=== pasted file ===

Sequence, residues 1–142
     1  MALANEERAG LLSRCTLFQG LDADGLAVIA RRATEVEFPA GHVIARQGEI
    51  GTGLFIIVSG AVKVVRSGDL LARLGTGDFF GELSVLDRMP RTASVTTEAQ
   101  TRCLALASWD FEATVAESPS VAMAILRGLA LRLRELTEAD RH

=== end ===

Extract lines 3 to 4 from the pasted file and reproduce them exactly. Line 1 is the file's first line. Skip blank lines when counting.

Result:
    51  GTGLFIIVSG AVKVVRSGDL LARLGTGDFF GELSVLDRMP RTASVTTEAQ
   101  TRCLALASWD FEATVAESPS VAMAILRGLA LRLRELTEAD RH